White House Sinkhole Is A Reminder Of The Bunkers That Are Buried Beneath It
Reporters gawking at the sinkhole on the White House lawn probably don't realize there is far more under there than just soaked dirt.
A sinkhole has opened up along the North Lawn of the White House and the press and social media are having a field day with it. But the earthen anomaly can serve as a reminder that there is much more to the White House than what meets the eye. For seven and a half decades, a bunker has sat deep below the East Wing of the presidential estate. And no, it is not the famed Situation Room located in the basement of the West Wing. This is an entirely different and far more secure facility, and it in recent years it was likely augmented by a much more extravagant and modern complex buried deep beneath the western side of the North Lawn adjacent to the West Wing.
A labyrinth of passageways and rooms exists beneath 1600 Pennsylvania Avenue, the extent of which the public really doesn't know. Much of this infrastructure was born of the atomic age when the White House was gutted and rebuilt under the Truman Administration between 1948 and 1952. This project included the establishment of the secretive secure facility we now know as the President's Emergency Operations Center, or PEOC.
The facility actually dates back to World War II. At least a part of the space was originally built as a bunker for FDR, but with the Truman renovation, the bunker was expanded and drastically updated for a new era where atomic weapons and the fallout they produce posed massively greater dangers than traditional high-explosive bombs and other forms of attack.
Prior to 9/11, the facility existed in a form that was far from lavish and was highly limited in regards to how many occupants it could support within its hermetically sealed vault-like interior during a crisis. Lacking the convenience of the Situation Room, but offering far greater protection, the PEOC was there for the President and Vice President, their families, and only their closest aides to survive a surprise emergency.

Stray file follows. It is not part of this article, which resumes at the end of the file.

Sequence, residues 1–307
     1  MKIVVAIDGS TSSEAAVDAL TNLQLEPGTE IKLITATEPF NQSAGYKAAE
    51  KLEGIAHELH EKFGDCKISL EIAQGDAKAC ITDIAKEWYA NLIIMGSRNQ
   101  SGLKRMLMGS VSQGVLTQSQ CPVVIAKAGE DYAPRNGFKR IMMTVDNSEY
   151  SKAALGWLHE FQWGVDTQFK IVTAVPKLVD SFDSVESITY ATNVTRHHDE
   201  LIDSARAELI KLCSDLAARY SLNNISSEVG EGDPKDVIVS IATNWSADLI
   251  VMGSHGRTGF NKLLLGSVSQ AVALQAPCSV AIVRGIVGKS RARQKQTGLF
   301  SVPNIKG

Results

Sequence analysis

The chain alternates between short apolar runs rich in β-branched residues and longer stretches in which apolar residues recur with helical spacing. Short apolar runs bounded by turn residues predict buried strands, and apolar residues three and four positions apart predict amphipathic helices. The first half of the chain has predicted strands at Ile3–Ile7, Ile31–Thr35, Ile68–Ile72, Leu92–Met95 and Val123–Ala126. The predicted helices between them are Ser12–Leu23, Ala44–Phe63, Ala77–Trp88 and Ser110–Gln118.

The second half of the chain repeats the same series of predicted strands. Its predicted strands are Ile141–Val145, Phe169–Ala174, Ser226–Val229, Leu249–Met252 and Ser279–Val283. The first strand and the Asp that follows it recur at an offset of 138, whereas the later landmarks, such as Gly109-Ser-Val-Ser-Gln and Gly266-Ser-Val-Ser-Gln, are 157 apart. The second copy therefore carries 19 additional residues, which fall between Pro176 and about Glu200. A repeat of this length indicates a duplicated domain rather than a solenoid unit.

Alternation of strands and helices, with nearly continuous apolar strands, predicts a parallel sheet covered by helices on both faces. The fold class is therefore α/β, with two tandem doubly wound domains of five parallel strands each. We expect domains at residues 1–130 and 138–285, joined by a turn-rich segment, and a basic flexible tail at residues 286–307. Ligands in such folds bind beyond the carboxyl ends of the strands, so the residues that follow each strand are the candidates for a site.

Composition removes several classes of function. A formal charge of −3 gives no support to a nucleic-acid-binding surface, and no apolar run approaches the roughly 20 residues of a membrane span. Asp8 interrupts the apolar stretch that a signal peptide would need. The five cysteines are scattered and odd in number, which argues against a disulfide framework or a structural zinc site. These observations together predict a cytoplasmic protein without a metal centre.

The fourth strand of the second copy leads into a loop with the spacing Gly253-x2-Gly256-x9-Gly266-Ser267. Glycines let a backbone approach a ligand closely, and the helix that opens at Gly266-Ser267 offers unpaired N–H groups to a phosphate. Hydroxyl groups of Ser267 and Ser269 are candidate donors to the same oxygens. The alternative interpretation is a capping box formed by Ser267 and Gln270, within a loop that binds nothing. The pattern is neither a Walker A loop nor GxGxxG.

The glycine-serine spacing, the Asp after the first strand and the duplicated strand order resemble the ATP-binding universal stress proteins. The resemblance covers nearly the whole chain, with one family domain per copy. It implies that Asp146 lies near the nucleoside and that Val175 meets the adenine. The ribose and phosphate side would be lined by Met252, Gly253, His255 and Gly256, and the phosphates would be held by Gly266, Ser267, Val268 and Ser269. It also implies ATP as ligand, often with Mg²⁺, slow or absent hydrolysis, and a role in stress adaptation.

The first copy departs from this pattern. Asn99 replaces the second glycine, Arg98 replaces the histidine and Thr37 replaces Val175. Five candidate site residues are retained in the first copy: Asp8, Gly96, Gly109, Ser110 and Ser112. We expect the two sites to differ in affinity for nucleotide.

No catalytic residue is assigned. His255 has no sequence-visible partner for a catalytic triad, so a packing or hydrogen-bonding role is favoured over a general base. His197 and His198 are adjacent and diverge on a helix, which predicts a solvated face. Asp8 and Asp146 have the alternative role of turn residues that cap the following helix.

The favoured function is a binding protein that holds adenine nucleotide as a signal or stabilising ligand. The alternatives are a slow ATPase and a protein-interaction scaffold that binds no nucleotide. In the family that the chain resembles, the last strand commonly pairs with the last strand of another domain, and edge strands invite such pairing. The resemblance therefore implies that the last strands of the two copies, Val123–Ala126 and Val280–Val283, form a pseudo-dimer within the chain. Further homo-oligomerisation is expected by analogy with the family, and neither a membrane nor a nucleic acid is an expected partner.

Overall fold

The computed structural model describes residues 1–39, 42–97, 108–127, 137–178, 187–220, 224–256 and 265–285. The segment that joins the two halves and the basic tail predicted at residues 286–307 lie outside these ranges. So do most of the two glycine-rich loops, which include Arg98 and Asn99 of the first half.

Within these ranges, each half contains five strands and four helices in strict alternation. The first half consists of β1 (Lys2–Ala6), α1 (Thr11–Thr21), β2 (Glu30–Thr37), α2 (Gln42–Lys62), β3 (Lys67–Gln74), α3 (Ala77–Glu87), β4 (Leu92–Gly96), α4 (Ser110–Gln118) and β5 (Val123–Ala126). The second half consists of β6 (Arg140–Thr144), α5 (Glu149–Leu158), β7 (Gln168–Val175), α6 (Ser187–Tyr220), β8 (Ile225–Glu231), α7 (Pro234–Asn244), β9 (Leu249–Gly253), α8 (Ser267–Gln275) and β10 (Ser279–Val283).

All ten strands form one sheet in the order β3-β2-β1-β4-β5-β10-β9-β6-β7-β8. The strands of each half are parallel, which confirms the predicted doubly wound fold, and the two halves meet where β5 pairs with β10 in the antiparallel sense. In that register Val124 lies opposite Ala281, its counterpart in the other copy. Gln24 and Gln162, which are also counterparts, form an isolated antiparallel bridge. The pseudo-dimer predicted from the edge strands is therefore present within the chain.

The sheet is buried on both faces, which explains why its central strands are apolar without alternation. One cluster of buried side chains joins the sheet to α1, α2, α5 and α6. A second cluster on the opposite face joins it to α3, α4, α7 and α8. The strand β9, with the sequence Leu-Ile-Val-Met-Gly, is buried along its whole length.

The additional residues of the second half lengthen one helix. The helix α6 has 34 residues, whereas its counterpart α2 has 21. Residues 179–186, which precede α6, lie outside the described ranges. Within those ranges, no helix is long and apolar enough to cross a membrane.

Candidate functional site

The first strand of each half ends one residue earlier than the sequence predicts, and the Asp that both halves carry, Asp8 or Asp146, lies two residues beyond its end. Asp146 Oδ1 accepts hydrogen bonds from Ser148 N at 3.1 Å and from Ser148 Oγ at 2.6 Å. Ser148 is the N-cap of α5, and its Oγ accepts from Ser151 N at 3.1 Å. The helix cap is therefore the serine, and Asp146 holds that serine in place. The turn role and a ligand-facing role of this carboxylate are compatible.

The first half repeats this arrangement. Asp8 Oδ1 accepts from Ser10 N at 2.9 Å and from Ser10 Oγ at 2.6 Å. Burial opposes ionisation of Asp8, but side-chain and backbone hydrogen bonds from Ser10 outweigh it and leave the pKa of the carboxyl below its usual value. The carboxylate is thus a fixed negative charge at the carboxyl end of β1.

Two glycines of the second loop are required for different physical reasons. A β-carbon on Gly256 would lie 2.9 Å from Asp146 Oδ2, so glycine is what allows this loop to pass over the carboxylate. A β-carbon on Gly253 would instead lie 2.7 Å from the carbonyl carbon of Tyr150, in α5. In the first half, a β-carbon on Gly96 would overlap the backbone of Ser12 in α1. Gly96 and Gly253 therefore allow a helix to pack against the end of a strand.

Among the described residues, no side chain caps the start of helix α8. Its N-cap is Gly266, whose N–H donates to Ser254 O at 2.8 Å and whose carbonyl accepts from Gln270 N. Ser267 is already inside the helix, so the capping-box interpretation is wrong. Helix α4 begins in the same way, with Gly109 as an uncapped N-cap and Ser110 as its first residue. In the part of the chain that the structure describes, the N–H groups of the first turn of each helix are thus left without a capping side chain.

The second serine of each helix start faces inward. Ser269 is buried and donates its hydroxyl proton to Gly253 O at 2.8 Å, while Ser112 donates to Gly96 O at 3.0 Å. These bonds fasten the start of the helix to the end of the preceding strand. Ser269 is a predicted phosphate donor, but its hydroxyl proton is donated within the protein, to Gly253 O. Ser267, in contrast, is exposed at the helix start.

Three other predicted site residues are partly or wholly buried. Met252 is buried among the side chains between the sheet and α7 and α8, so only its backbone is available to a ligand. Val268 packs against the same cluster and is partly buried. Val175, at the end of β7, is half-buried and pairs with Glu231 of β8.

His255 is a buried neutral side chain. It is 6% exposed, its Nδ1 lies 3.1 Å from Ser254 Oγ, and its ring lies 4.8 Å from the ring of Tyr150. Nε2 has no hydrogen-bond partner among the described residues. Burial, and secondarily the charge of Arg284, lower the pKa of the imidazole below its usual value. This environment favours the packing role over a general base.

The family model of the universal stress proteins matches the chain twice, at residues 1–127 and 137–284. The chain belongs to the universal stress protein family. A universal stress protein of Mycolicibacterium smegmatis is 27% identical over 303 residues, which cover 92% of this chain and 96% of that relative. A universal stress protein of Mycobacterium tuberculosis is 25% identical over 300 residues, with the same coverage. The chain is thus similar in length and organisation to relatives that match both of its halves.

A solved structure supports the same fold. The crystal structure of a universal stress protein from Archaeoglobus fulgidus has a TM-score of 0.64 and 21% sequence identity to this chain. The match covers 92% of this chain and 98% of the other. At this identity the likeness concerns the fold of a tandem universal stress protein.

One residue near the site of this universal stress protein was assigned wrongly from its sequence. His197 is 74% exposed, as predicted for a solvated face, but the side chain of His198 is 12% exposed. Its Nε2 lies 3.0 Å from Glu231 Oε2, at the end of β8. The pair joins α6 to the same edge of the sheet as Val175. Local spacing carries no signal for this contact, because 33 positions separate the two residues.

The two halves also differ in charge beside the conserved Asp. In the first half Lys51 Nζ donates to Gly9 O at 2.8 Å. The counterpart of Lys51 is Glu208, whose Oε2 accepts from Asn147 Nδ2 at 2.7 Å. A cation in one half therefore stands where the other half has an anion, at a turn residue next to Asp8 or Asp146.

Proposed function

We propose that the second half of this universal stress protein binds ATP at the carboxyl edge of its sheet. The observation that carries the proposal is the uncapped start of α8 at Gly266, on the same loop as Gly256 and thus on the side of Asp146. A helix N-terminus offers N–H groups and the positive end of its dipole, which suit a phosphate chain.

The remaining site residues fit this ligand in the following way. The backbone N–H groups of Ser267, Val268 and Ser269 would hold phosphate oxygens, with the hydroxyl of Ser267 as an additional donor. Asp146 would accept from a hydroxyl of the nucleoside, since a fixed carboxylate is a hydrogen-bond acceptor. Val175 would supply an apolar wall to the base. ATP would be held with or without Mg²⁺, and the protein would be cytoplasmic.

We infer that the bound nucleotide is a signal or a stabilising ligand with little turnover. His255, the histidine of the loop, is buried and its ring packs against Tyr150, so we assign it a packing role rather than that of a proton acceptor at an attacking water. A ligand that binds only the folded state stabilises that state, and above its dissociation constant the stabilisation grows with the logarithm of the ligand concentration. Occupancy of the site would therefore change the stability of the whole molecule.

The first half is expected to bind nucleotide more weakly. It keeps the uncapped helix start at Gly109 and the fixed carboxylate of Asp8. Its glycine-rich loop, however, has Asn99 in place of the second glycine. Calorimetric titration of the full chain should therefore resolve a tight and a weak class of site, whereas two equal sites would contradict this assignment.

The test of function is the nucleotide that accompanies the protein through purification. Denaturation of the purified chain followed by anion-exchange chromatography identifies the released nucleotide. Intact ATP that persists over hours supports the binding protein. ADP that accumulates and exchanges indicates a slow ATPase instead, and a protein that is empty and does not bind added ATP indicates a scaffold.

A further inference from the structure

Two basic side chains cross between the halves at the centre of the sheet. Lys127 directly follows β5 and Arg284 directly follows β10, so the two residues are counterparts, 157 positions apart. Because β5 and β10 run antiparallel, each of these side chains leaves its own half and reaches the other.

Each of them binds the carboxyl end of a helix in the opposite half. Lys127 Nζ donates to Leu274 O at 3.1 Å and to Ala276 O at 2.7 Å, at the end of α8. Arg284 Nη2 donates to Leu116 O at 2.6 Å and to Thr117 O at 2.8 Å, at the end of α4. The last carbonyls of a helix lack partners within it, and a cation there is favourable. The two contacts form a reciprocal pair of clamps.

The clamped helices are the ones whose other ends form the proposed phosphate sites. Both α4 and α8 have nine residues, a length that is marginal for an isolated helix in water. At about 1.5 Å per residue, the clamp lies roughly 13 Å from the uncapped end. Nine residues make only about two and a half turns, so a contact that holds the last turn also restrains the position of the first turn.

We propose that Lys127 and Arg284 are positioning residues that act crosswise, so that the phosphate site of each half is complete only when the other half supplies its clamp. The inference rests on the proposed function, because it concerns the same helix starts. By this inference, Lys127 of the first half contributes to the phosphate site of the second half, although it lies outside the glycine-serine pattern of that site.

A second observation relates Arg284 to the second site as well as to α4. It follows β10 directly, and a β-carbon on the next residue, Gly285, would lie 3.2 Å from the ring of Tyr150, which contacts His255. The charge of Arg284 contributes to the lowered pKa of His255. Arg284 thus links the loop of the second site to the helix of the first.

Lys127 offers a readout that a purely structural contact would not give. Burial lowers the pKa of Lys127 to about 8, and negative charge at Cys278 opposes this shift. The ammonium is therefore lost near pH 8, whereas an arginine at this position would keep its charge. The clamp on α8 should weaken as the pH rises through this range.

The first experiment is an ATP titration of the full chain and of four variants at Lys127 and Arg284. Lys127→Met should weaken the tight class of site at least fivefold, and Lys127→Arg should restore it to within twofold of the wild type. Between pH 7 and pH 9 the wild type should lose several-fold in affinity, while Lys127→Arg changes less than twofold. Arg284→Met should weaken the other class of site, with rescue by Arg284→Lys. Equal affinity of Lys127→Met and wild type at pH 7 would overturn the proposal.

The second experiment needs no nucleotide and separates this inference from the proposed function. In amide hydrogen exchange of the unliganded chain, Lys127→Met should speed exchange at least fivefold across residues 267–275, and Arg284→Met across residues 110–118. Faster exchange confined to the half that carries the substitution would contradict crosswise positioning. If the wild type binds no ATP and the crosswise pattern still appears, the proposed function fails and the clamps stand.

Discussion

The sparse facility is described in Garrett Graff's marvelous book Raven Rock (read our in-depth interview with Graff here) as having a cot-lined hallway, a 600 square foot operations and communications room, a small briefing area, and a large command room dominated by some big-screen TVs and a conference table that can seat 16 people. When in use, a specialized U.S. Army engineering unit out of Fort Belvoir sits ready to dig out its occupants if need be.
In 2015, a series of photos that were taken throughout the day of Dick Cheney on 9/11 were released. They offer an incredible look at the mood and actions of the White House top staff on that day, and they are the first images released that show the PEOC. You can see more of them here.
During and immediately following the attacks on 9/11, Dick Cheney, various members of the Bush cabinet, First Lady Laura Bush, and eventually President Bush, huddled in the sparse bunker. In Laura Bush's memoir Spoken From The Heart, she recounts being raced down to the dungeon-like facility on that fateful day, writing: